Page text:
Here’s a story I’d like to share and discuss with you all, where one of the central characters is the Baal Shem Tov, the founder of Hassidism. Hassidism is a Jewish movement founded in the eighteenth century that can be described (in an over-simplistic way) as spiritual, mystical and populist. The Baal Shem Tov had a legendary reputation as a miracle worker.
I found this story in a book written by Protestant scholar Franklin Littell.
Martin Buber has told of a rabbi whose grandfather was a disciple of the Baal Shem Tov, founder of Hassidism. Once upon a time, when the rabbi was asked to tell a story, he said: A story must be told in such a way that it constitutes help in itself. My grandfather was lame. Once they asked him to tell a story about his teacher. And he related how the holy Baal Shem used to hop and dance while he prayed. My grandfather rose as he spoke, and he was so swept away by his story that he himself began to hop and dance to show how the master had done. From that hour on he was cured of his lameness. That’s the way to tell a story.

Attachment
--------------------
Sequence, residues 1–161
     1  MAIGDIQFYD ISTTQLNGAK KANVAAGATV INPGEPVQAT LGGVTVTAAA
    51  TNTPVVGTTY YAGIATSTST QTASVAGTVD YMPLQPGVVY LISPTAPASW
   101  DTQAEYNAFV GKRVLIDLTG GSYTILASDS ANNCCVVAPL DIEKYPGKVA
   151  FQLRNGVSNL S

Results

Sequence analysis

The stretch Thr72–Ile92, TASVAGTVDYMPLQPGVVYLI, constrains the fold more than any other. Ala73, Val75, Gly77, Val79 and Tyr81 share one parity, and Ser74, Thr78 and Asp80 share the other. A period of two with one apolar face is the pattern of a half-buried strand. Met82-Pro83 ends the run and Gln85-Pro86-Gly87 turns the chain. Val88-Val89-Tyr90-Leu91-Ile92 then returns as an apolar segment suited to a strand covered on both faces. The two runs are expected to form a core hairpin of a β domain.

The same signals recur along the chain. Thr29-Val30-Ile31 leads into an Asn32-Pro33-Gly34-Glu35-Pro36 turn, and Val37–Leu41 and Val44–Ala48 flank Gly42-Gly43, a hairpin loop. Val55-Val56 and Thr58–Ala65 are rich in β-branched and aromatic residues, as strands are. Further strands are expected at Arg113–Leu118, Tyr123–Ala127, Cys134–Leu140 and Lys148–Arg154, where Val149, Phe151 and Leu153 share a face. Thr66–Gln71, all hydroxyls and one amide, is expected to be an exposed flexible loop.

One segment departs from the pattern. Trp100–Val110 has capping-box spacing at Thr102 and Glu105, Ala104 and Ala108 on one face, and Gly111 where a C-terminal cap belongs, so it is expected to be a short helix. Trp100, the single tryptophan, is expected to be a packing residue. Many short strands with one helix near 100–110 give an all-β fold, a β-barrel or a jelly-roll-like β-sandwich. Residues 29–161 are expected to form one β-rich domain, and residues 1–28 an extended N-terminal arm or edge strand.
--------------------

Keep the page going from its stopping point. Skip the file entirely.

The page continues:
I am asking every reader to please leave a comment, especially if you’ve never commented here before. In your comment, you may (but you’re not required to) address any of the following questions:
- How many story tellers are there in this story?
- Do you find a miracle in this story, and if so, what is it? There can be more than one!
- Does it matter to you whether the miracle(s) really occurred?
- What is the point of the story? The miracle? The memory? The tradition?
- The story says that stories should “help”? Does this story “help”?
BTW, and I know this is asking a lot, I’d be particularly interested in getting the reaction of children to this story.
(h/t to Stephanie Hammer for helping me frame the questions)